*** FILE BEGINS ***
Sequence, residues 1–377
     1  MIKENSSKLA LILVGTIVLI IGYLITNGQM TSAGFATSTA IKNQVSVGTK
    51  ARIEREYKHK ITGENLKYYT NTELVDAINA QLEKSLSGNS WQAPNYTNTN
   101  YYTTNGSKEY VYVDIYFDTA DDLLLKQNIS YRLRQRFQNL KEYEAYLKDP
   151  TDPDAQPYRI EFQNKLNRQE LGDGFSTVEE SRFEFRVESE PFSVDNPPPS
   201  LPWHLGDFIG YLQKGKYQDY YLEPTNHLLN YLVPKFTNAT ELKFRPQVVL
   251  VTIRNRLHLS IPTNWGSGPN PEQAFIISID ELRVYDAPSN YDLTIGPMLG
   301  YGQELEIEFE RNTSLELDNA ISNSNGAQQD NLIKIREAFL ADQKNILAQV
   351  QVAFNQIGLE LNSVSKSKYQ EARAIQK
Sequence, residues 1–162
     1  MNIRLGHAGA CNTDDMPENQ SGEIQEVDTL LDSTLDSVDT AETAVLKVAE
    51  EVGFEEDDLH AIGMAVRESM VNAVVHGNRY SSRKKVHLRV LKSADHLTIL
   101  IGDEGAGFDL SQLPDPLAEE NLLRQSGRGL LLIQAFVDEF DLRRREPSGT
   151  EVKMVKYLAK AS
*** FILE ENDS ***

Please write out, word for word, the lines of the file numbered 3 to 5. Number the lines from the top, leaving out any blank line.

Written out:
    51  ARIEREYKHK ITGENLKYYT NTELVDAINA QLEKSLSGNS WQAPNYTNTN
   101  YYTTNGSKEY VYVDIYFDTA DDLLLKQNIS YRLRQRFQNL KEYEAYLKDP
   151  TDPDAQPYRI EFQNKLNRQE LGDGFSTVEE SRFEFRVESE PFSVDNPPPS